Carer John Copping defrauds veteran out of £15k
A carer defrauded an elderly man who "treated him like a son" out of £15,000, a court heard.
John Copping, 61, from Penzance, west Cornwall, wrote cheques to himself from the bank account of 94-year-old World War Two veteran Frederick Angwin.
Copping was given a 16-month suspended sentence after pleading guilty to fraud at Truro Crown Court.
Judge Christopher Harvey Clark said Copping took advantage of a "frail and elderly man".
Prosecution barrister Sarah Vince told the court the fraud had taken place from January 2008 to August 2013 following the death of Mr Angwin's wife, Marguerite.
She said Copping got to know Mr Angwin and his late wife over 30 years and the couple had given Copping land on which he had built a house.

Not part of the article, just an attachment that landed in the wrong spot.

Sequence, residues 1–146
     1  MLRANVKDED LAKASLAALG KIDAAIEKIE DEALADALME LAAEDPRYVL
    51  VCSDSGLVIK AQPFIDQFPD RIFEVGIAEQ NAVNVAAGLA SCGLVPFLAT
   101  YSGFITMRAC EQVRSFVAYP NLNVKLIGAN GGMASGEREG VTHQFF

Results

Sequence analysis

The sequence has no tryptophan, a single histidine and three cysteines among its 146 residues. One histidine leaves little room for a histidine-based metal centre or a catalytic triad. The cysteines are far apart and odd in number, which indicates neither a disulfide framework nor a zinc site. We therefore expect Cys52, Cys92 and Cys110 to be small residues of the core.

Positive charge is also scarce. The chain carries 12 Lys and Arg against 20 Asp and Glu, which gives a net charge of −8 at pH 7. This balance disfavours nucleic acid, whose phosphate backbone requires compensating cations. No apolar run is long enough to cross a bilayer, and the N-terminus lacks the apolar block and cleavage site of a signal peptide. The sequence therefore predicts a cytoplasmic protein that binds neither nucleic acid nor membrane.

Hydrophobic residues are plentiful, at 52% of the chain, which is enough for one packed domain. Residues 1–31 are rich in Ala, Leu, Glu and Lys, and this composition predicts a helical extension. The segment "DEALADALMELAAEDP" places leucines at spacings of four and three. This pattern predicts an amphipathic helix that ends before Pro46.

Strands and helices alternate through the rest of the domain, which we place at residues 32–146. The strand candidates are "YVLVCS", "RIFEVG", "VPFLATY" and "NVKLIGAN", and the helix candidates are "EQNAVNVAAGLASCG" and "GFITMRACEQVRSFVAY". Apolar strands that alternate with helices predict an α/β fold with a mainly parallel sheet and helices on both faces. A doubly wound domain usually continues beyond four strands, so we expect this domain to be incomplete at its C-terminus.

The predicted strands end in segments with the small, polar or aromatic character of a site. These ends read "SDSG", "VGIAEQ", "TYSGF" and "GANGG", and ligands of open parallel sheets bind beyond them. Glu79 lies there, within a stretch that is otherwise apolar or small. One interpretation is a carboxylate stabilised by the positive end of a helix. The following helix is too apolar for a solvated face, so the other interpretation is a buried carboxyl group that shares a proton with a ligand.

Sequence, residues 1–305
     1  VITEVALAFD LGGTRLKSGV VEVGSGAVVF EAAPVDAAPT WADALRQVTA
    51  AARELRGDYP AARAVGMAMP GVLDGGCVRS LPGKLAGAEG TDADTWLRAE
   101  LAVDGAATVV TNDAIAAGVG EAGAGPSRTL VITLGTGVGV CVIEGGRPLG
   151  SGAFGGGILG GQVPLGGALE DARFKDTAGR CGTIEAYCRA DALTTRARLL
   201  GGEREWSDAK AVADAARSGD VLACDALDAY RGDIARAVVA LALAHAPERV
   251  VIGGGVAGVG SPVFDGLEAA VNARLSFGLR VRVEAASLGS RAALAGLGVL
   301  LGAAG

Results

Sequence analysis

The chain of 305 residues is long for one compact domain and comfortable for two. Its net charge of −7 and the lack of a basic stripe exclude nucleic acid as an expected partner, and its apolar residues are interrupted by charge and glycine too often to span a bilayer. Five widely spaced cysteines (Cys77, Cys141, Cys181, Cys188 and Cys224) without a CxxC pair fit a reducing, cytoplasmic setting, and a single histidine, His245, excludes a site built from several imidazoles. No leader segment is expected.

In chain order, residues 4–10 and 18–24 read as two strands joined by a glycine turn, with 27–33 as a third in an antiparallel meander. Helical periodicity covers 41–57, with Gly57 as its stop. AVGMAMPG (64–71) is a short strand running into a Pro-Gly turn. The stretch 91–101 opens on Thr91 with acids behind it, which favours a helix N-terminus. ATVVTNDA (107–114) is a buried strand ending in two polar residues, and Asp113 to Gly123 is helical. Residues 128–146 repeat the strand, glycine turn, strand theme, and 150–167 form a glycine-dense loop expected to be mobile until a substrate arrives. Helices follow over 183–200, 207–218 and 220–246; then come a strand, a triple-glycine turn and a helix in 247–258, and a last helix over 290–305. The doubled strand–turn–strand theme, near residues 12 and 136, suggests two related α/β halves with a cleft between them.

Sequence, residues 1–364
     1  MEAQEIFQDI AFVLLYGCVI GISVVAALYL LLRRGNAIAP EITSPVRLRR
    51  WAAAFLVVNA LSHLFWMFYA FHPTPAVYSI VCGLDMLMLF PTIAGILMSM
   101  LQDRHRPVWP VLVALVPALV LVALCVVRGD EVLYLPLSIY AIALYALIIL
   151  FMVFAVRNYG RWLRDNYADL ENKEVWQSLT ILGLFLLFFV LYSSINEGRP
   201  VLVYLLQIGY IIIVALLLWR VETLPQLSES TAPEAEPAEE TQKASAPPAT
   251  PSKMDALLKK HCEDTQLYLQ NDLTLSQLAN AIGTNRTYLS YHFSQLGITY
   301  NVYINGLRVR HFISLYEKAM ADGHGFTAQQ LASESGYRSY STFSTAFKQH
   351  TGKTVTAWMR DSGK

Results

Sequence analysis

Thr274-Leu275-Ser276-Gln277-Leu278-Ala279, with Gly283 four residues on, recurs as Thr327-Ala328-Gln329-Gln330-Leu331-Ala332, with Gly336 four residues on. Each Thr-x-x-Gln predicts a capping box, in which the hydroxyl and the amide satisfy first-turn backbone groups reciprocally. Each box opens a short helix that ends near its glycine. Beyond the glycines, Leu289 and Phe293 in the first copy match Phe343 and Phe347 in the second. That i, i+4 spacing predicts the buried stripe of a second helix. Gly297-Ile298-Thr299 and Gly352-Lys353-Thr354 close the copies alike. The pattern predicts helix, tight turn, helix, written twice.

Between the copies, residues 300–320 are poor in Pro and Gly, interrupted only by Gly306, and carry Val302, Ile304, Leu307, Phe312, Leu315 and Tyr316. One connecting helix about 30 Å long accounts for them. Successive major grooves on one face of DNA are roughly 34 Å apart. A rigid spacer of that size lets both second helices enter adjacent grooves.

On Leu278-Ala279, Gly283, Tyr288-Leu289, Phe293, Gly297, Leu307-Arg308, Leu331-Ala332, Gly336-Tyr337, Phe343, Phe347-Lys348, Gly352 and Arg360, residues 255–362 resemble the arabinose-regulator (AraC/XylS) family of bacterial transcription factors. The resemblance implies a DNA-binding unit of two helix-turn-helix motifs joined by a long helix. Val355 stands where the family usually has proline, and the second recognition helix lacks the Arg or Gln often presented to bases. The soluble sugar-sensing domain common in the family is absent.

Sentencing, Judge Harvey Clark said: "You were in a very special relationship with Mr and Mrs Angwin. I see you were treated by them like a son.
"You loved them and they no doubt loved you, and over the years as they grew more elderly you conscientiously and kindly helped them with many tasks."
The judge said Copping had not intended to defraud Mr Angwin but had borrowed money which he was "unable or unwilling to pay back".
In mitigation, the court heard Copping would sell his house to repay the money.
Copping was placed on curfew for four months and ordered to carry out 140 hours of unpaid work.
After the hearing, Mr Angwin's niece Tracy Angwin said her uncle served with the RAF during World War Two when he met his wife who fought for the Belgian resistance.
She said: "He is a really lovely man and he has been devastated by this."